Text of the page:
From our friends at Shorpy.com comes this fascinating image of a young woman working in the big city in 1956. Notice the book under her manuscript and the hand-held magnifier next to it.
I suspect the book in the photo above is a variant of the Compact Oxford English dictionary. The one I have is from the 1970s and the pages are set up a little differently. The magnifier that came with my COED is the same as in the Shorpy.com photo.
Because the full OED is 20 volumes, the compact editions are composed of multiple pages reduced so that several pages fit onto a single page, if you follow me. That makes the looking glass essential to reading the entries. Even with the pages crammed in so tiny, my COED is still a bulky two volumes.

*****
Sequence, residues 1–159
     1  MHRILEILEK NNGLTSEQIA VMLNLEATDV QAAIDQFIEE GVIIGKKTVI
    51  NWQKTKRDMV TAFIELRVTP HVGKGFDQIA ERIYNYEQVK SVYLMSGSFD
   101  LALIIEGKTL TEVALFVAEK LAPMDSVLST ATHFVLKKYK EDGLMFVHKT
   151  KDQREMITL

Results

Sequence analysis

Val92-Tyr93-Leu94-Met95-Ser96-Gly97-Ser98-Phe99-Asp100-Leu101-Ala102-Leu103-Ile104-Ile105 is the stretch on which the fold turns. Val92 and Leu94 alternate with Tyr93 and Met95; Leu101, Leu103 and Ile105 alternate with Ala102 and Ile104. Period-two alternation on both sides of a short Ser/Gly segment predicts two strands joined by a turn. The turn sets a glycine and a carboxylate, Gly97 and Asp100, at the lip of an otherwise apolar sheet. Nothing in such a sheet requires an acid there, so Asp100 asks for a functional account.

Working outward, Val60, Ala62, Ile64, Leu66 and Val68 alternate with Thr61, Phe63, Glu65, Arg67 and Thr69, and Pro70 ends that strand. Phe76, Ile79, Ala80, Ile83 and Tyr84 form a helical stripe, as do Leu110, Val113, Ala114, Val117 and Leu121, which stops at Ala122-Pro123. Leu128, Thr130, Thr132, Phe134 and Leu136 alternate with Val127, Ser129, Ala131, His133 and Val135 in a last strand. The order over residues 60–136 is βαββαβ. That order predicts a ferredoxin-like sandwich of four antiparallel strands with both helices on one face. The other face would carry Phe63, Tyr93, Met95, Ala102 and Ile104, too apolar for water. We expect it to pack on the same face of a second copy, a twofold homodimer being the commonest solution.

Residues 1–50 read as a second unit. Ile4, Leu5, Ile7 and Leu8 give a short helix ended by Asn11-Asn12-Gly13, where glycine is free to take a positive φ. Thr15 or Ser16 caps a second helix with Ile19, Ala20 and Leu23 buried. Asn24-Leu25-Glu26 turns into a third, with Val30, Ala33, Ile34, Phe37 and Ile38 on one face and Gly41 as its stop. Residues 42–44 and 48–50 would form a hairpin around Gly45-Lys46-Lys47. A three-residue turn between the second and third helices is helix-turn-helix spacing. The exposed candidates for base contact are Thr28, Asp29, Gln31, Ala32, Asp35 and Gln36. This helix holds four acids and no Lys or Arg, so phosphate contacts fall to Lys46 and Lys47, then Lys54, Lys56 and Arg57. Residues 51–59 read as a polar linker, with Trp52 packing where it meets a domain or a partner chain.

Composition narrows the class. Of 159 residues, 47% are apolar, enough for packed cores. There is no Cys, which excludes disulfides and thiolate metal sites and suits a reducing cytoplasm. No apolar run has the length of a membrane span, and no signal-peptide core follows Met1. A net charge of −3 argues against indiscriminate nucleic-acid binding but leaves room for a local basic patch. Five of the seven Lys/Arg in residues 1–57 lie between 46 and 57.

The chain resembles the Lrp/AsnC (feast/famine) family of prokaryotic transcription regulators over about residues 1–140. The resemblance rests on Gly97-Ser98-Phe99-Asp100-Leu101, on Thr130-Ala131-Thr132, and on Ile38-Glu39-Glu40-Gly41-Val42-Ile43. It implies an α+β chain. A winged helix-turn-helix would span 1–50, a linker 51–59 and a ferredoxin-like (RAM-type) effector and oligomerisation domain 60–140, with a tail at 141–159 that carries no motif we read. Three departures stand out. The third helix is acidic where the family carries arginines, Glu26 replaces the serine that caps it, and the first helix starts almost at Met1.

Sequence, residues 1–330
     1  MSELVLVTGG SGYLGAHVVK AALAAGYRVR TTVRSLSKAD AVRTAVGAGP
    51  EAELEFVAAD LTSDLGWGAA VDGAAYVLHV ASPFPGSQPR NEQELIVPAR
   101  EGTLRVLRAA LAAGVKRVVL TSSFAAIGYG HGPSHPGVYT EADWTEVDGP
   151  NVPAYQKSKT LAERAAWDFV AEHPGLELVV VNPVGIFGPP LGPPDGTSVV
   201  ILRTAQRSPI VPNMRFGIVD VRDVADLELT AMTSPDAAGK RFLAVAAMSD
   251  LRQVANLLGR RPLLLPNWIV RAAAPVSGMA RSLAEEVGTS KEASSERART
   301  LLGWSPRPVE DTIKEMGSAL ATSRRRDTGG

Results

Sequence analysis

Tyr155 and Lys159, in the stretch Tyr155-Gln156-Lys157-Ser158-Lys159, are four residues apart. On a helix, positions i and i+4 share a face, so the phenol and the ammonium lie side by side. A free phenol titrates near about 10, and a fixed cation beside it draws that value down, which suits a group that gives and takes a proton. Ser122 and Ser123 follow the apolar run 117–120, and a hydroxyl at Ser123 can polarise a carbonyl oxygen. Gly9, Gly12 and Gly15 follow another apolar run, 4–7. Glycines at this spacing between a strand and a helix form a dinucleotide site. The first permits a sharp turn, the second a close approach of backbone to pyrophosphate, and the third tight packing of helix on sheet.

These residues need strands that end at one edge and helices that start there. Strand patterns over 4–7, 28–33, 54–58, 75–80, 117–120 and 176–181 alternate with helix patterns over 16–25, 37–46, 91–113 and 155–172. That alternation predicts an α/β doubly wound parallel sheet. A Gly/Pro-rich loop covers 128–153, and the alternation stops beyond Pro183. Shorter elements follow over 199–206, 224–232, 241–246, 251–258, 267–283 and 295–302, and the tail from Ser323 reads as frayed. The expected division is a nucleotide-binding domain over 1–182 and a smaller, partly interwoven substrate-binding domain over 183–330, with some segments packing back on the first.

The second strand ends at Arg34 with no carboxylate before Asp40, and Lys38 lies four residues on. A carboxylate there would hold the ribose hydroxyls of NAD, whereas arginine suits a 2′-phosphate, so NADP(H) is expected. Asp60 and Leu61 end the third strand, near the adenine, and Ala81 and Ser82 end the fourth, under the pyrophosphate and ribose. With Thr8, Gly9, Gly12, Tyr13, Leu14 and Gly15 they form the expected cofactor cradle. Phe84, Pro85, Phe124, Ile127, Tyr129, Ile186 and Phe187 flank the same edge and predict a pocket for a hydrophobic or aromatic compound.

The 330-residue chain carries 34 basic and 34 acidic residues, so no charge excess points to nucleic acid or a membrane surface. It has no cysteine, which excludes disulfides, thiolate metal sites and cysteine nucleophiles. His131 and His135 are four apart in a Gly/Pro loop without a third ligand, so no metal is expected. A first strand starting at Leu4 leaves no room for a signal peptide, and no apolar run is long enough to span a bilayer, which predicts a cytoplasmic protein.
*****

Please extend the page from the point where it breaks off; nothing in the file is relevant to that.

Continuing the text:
Here’s a photo from the Web showing a modern-day COED. The looking glass or magnifier provided with the books nowadays seems to be a nifty round one with no handle.
An amazing resource for us word nerds.
My favorite dictionary for just reading—and you know you’ve got it bad when you collect and, yes, read old dictionaries—is my hardback facsimile of Noah Webster’s first American dictionary, as published in 1828. It’s fun to see how our language has changed since Webster’s day.